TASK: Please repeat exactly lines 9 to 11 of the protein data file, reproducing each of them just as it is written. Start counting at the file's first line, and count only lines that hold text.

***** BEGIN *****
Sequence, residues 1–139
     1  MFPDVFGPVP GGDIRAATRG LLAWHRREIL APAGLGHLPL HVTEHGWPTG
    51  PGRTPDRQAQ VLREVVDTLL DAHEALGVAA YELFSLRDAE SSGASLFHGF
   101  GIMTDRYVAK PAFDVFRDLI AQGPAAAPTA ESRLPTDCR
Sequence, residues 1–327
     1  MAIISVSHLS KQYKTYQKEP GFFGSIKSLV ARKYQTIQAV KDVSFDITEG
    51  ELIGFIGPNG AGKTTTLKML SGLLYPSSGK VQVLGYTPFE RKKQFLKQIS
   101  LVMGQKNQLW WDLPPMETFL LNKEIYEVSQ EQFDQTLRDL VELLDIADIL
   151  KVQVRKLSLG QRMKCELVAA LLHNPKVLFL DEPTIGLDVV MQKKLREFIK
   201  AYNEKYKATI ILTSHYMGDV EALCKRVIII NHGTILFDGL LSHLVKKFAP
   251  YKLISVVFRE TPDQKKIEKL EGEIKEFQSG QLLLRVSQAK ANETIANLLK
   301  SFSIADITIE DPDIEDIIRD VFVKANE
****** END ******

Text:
   151  KVQVRKLSLG QRMKCELVAA LLHNPKVLFL DEPTIGLDVV MQKKLREFIK
   201  AYNEKYKATI ILTSHYMGDV EALCKRVIII NHGTILFDGL LSHLVKKFAP
   251  YKLISVVFRE TPDQKKIEKL EGEIKEFQSG QLLLRVSQAK ANETIANLLK